Facial palsy

Facial palsy refers to the neurological syndrome of facial paralysis. It can result from a broad range of physiological insults to the facial nerve or its central nervous system origins. The most common causes of this is Bell palsy

While facial palsy refers to the clinical presentation of facial paralysis and associated symptoms of facial nerve compromise it can sometimes be used interchangeably with facial nerve palsy which refers specifically to paralysis caused by a lesion in the facial nerve.

The distinction is important as facial nerve palsy implies almost an exclusively lower motor neuron cause of facial paralysis while the term facial palsy can include upper motor neuron lesions as well.

The facial nerve provides innervation to the facial muscles, middle ear, tongue, salivary and lacrimal glands. Accordingly signs and symptoms of facial nerve palsy include:

  • dropping mouth
  • loss of ipsilateral eye closure (lagophthalmos)
  • synkinesis
  • altered or reduced sense of taste
  • hyperacusis
  • dry mouth and/or eyes
  • mild dysarthria

An important clinical discriminator between upper and lower motor neuron presentations of facial nerve palsy is that in the former there is sparing of the ipsilateral forehead muscles which allow patients to ipsilaterally wrinkle the forehead, raise the eyebrow, and completely close the eye. This finding is important in trying to localize the lesion and evaluating possible underlying causes.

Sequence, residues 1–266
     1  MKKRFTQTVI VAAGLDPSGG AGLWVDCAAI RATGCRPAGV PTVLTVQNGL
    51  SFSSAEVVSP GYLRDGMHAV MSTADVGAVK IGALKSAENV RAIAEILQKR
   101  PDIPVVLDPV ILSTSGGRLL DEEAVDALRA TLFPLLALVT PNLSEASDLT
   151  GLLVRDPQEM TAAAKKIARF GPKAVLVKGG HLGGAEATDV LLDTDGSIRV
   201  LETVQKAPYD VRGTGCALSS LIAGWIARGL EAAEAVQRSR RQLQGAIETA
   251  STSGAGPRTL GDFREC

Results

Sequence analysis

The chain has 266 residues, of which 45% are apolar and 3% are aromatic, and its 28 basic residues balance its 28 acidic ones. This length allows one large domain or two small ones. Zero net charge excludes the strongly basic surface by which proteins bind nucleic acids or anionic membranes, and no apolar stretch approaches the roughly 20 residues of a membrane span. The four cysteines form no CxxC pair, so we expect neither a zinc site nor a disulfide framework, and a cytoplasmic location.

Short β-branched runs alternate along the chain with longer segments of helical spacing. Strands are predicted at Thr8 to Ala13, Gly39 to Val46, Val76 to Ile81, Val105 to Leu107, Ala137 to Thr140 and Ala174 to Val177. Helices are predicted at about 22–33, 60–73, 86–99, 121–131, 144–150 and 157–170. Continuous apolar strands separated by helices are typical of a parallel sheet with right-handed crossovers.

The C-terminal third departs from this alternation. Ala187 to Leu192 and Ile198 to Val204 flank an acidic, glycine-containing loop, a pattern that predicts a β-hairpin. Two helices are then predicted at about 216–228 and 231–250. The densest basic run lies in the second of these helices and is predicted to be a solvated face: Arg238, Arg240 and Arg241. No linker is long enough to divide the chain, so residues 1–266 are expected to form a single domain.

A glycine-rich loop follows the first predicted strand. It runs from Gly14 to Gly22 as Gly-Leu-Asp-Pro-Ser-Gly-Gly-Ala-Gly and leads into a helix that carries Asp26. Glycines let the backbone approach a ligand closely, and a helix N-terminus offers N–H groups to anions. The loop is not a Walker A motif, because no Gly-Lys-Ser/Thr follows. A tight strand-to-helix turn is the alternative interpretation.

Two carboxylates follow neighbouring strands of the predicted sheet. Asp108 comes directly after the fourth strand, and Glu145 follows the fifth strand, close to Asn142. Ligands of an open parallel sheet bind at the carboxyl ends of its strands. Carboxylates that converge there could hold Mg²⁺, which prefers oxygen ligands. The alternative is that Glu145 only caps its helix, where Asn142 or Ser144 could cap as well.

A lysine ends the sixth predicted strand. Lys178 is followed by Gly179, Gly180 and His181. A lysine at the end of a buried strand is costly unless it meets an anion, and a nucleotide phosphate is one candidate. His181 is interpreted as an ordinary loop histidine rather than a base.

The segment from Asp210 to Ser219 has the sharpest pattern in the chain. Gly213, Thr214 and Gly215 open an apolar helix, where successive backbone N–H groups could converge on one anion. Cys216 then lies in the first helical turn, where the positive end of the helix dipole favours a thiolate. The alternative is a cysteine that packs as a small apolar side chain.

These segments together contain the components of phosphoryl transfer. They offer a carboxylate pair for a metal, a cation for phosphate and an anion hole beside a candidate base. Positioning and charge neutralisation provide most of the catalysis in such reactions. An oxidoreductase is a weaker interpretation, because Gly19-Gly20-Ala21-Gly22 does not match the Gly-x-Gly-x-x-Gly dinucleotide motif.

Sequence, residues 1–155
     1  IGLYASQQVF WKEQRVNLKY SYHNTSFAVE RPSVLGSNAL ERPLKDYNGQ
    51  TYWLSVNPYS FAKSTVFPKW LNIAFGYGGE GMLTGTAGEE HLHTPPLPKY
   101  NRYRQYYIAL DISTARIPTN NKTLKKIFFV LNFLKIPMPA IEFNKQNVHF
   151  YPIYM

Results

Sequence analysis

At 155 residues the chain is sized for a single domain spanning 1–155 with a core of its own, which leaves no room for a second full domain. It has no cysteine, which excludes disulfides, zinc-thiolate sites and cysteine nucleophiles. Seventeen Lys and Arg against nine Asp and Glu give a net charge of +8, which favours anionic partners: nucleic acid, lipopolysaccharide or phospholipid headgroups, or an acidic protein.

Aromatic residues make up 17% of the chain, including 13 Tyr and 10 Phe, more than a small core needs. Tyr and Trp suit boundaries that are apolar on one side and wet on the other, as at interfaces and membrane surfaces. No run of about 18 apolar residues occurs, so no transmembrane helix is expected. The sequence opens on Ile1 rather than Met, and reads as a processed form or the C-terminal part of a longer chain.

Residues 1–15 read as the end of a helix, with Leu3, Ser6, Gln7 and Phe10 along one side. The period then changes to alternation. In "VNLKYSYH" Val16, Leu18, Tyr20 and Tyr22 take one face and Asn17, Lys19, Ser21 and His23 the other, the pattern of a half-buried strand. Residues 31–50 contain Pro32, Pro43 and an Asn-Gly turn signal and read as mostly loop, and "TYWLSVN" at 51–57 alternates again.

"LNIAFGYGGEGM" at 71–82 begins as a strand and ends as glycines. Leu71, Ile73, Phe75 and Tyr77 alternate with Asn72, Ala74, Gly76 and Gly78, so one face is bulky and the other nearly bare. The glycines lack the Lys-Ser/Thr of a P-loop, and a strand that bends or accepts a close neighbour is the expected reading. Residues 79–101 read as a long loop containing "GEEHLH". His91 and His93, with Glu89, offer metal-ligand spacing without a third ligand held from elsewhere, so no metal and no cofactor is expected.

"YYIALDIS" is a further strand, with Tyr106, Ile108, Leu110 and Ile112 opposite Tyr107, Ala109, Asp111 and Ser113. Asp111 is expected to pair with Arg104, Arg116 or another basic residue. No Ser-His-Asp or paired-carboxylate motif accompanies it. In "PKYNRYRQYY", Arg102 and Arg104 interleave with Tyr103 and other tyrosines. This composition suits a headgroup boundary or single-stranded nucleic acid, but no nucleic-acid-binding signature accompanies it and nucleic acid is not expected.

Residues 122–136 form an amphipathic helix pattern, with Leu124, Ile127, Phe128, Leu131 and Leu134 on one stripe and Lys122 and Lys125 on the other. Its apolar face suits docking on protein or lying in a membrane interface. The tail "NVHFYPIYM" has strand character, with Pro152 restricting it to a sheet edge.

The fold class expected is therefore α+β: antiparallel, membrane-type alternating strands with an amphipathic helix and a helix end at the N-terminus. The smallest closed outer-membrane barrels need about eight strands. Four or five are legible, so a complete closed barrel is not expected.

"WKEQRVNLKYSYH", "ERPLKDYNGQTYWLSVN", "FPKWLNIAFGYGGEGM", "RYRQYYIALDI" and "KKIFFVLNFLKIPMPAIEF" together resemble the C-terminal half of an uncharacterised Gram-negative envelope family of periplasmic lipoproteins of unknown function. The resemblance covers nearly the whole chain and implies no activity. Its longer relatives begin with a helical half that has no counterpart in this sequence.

The palsy can be complete or partial with the later carrying a better chance of full recovery. In partial paralysis the lower facial muscles are more prominently affected while loss of taste and sensation to the anterior 2/3 of the tongue occurs more frequently in complete lesions. The House-Brackmann grading system is used to score the severity of presenting facial nerve palsy to help guide treatment and follow up.

As above, the pathophysiology of facial nerve palsy depends on the underlying disease and can include all variety of causes summarized in the surgical sieve. Traditionally the preservation of forehead muscles in upper motor neuron lesions has been thought to be due the bilateral innervation of upper facial muscles by the cerebral cortices. However, this may not be supported by the literature 4.

  • if bilateral consider Guillain-Barre or Lyme disease
  • if recurrent consider lymphoma, sarcoidosis or Lyme disease
  • in children particularly consider Lyme disease and otitis media

Article information

rID: 39644
Section: Gamuts
Synonyms or Alternate Spellings:
  • Facial paralysis
  • Facial nerve palsy
  • Seventh nerve palsy
  • Seventh cranial nerve palsy

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Cases and figures

  • Figure 1: gross pathology
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  • Case 1: inferior medial pontine (Foville) syndrome
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  • Case 2: Zoster neuralgia facial nerve
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  • Case 3: Bell's palsy
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  • Case 4: secondary to cochlear implant
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  • Case 5: facial nerve schwannoma
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  • Case 6: facial nerve schwannoma
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  • Case 7: congenital facial nerve hypoplasia
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  • Case 8: facial injury secondary to trauma and temporal bone fracture
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